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NCJ Number: 207573 Find in a Library
Title: Critiquing the Case for Marriage Promotion: How the Promarriage Movement Misrepresents Domestic Violence Research
Journal: Violence Against Women  Volume:10  Issue:11  Dated:November 2004  Pages:1226-1244
Author(s): Beth Skilken Catlett; Julie E. Artis
Editor(s): Claire M. Renzetti
Date Published: November 2004
Page Count: 19
Publisher: http://www.sagepub.com 
Type: Report (Study/Research)
Format: Article
Language: English
Country: United States of America
Annotation: This article examines research and government policy promoting marriage and argues that marriage promotion advocates and initiatives fail to recognize the role and reality of domestic violence in many families’ lives.
Abstract: Research shows that marriage promotion advocates promote the largely faith-based ideology that all parents should marry, that once married even distressed couples should stay together for the sake of the children, and that committing to marriage and reducing divorce would improve family life and alleviate poverty for women and children. In addition, government policies promote marriage with funding for programs designed to promote the institution of marriage. Given the prevalence of domestic violence, there seems to be a substantial basis to question whether divorce rates present a social problem of sufficient dimension to warrant governmental intervention pursued by marriage promotion advocates. Marriage promotion advocates are viewed as glossing over the real social issues of class, poverty, and domestic violence in order to impose a highly traditional and patriarchal view of the proper family mode. This article describes the recent history of welfare reform and marriage promotion policies, reviews the arguments in favor of such policies, critiques marriage promotion through the eyes of social science research on domestic violence and how advocates ignore or misrepresent the research, and discusses the need to ground policy formation in the voices of those women whose lives these policies ultimately affect. References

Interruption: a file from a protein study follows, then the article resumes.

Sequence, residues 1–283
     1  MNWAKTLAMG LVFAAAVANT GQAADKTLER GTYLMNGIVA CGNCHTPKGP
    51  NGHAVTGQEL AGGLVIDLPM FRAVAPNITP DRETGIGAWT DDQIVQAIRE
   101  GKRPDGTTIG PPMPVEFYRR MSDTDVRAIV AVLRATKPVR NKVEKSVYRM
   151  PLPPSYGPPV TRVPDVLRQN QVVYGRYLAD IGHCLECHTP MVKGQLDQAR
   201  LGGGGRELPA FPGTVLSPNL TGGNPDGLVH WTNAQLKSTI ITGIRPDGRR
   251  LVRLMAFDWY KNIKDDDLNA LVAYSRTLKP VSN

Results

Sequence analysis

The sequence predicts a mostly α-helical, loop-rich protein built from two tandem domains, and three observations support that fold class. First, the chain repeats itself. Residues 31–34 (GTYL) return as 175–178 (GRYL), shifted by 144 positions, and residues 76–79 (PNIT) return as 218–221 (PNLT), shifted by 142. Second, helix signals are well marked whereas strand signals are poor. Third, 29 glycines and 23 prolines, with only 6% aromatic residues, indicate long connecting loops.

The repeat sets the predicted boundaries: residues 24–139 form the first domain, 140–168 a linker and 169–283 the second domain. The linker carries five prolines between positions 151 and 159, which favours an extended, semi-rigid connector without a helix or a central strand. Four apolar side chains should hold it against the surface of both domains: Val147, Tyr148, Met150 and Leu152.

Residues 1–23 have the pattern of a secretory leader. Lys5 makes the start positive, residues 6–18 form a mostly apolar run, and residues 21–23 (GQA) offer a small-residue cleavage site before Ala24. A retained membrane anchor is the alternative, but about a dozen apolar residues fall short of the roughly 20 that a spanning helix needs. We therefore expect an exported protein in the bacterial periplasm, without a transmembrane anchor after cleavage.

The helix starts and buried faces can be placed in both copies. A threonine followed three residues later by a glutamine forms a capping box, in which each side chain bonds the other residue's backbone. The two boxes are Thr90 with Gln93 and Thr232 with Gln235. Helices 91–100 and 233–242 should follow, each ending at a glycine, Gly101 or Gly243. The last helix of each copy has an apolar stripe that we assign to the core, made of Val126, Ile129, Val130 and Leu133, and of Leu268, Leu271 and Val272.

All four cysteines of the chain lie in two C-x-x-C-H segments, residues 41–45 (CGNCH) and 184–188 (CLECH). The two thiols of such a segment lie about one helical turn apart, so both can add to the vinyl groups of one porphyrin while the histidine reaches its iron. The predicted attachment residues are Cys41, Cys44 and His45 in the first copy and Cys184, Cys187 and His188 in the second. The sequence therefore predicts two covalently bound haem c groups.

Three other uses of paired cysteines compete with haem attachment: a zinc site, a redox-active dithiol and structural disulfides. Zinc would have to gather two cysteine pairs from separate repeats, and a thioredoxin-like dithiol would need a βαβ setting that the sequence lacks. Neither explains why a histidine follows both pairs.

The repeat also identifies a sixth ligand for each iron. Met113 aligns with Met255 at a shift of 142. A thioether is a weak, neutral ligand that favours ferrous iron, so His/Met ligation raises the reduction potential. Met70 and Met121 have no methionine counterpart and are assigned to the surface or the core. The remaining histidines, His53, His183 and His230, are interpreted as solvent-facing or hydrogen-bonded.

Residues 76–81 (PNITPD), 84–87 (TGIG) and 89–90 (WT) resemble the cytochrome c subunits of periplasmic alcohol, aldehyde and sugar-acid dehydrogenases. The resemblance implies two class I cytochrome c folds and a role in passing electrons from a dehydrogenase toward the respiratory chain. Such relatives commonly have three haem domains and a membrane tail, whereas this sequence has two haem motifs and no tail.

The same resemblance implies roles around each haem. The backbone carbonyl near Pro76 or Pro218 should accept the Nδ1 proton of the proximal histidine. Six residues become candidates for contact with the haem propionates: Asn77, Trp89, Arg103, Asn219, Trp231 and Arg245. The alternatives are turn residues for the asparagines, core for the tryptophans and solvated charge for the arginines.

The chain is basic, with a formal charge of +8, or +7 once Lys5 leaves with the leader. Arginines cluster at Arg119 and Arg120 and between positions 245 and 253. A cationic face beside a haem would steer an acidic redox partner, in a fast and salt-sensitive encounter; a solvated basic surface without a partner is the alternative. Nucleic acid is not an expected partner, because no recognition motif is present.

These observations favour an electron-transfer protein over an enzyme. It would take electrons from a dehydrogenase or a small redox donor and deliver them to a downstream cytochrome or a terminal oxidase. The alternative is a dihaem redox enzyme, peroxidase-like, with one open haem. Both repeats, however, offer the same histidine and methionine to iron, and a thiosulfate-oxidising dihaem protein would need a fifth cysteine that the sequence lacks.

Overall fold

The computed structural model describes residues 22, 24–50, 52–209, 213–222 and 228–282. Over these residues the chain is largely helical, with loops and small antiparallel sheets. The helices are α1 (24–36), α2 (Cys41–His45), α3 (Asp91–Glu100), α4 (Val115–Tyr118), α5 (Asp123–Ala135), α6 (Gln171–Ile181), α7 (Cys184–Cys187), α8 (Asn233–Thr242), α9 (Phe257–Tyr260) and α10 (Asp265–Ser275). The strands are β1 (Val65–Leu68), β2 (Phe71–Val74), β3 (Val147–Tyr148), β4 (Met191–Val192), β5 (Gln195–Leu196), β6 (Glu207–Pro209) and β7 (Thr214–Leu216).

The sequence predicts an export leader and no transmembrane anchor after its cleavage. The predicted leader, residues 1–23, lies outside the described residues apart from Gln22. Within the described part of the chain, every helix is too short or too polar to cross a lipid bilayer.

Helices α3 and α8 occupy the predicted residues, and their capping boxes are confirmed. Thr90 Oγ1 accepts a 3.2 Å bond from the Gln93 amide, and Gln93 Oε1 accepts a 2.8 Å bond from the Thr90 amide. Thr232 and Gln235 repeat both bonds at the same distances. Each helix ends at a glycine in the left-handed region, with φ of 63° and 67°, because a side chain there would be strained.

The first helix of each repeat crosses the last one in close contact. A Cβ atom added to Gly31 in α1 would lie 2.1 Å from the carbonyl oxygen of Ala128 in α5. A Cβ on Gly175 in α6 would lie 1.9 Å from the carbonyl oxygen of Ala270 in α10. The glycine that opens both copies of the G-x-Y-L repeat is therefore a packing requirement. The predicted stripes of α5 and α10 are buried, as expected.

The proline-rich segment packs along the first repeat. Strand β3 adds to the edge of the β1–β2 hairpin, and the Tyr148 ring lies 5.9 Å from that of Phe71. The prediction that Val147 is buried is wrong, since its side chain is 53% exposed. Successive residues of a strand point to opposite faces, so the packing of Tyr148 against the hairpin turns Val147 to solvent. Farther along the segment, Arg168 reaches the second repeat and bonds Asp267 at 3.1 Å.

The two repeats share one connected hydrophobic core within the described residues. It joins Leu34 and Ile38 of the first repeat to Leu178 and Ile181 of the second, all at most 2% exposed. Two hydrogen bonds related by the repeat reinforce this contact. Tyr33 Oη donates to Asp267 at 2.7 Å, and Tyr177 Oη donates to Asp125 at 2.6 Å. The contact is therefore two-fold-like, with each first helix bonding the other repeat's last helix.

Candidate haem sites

Main Term(s): Domestic assault
Index Term(s): Abused women; Abusing spouses; Battered wives; Family support; Female victims; Policy analysis; Single parent families; Welfare services
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http://www.ncjrs.gov/App/publications/abstract.aspx?ID=207573

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